Ella Armstrong, born Ella Phoebe Craft on 14 Sep 1855, lived near the Marples in Monessen.  Her daughter, Rhoda, was about the same age as Dorothy’s mother, Eula.  The two families seem to have spent a lot of time together.

The “Nari and Francis” referenced in the postcard are Ella’s sister, Sarah Frances Craft, and her husband, Neri Armstrong.  Neri was also the brother of Ella’s deceased husband, Alfred Barclay Armstrong.  The couple lived in Carmichaels, where this postcard was addressed.

What I wonder is how Grandma got the card back when she had clearly mailed it to Ella.  Perhaps when Ella returned from her trip, she let Dorothy have the picture of herself back.  It sounds like something a child that age might like.

If anyone out there knows more about the Armstrong family, I would love to hear about it!  I have a single photograph of Rhoda, but have never seen the rest of the family.  It would be nice to know more about these people who meant so much to my grandmother and great-grandparents.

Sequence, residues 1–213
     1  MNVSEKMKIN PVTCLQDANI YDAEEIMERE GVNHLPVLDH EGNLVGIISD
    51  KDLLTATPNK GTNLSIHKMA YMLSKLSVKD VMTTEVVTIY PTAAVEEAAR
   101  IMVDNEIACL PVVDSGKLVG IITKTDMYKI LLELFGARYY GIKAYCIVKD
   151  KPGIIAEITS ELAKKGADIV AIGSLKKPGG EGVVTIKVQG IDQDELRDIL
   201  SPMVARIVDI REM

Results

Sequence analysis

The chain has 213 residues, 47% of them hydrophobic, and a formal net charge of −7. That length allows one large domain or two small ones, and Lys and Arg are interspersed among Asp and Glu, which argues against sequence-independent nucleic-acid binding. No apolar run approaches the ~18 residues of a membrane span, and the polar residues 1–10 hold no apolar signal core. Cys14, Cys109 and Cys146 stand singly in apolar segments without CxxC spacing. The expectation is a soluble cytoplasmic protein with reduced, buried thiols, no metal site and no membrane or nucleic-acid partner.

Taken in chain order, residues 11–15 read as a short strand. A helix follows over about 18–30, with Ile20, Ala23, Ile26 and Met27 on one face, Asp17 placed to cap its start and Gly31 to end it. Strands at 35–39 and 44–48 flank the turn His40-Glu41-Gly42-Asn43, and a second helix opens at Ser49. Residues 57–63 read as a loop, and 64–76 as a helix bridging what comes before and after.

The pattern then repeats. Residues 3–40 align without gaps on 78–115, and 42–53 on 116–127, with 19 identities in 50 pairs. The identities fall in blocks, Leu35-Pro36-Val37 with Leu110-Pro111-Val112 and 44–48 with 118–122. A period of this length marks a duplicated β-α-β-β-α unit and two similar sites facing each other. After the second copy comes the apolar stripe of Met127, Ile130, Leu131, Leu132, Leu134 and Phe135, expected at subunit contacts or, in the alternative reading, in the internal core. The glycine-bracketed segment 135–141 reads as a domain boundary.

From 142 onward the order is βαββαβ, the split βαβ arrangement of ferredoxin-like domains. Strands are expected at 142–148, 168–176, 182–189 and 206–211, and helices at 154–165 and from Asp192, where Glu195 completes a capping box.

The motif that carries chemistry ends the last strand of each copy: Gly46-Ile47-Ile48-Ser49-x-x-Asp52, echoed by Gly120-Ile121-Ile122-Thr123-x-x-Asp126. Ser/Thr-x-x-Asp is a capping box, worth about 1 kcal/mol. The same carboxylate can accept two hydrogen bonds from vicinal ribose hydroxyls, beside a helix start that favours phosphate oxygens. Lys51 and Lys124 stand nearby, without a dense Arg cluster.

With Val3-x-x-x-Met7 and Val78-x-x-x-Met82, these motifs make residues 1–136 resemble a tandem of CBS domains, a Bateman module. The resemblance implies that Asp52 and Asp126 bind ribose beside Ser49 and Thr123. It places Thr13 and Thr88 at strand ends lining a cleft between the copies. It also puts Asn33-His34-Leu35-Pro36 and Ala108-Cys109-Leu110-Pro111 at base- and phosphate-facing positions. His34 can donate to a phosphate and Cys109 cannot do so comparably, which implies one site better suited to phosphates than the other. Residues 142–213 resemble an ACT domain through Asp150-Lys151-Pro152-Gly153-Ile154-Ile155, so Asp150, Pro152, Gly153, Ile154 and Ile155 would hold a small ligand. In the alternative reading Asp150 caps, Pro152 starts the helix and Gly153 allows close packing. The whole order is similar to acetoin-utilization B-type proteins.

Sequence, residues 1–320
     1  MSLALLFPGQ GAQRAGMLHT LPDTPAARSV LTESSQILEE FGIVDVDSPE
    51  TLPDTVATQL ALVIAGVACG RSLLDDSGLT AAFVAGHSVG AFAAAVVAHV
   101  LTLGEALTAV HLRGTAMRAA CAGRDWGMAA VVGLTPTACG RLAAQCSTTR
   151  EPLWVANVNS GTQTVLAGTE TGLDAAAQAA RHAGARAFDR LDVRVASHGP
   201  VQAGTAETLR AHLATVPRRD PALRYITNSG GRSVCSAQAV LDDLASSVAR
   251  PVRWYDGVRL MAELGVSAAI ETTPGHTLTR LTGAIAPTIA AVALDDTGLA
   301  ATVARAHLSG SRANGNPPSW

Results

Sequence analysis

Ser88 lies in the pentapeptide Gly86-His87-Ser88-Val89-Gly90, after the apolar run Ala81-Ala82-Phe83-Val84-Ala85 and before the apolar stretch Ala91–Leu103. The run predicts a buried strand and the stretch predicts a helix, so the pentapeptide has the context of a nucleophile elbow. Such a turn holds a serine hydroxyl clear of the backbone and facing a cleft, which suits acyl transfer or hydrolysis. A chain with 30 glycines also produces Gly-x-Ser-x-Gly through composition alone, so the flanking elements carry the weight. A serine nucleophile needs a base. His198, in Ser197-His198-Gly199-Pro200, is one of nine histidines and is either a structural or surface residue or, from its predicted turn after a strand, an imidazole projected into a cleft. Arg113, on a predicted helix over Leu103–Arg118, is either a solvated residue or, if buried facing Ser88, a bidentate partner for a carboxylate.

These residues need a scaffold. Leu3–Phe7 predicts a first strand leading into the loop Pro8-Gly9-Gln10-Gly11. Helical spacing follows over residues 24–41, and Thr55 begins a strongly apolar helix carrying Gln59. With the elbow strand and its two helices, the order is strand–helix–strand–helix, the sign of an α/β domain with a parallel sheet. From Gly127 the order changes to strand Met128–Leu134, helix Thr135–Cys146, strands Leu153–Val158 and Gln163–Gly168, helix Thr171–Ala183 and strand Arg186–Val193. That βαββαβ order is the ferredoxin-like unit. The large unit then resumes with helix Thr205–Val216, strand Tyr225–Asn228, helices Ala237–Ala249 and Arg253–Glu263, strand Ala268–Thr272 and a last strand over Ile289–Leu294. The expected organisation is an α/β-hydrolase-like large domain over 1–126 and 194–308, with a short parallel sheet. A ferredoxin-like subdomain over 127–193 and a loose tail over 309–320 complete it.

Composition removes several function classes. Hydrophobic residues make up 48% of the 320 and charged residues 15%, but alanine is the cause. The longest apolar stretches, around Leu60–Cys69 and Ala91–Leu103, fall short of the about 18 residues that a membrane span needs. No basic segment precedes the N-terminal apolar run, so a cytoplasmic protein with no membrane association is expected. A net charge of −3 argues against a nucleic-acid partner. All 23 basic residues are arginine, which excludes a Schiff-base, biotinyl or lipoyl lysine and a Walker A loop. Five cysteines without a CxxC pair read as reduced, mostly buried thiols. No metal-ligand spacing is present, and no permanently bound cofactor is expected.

Stanley Robert Smith: A Time for Reflection/The Shiny Snitch

Stanley had plenty of opportunity to cool his heels.  More than a month passed from the time he was arrested until the day he was brought before the grand jury for indictment.

Another type of man might have whiled away the hours reading the newspapers that passed from hand to hand inside the jail or perhaps pausing for a bit of self-reflection.  Stanley, however, was a man of action.

Days after his appearance before the grand jury, the following article appeared in the Findlay Morning Republican 1 :

Jail Delivery Is Frustrated As Sheriff Discovers Plot

File Used to Sever Chain After Which Window Bars Were Attacked–Prisoners Admit Move to Obtain Freedom

An attempted county jail delivery was frustrated late yesterday by Sheriff O. E. Willford. Six of the 17 prisoners in the jail were involved and two, the sheriff said, confessed to being ring leaders in the plan which might have resulted in a successful break had their efforts not been thwarted for three or four more days.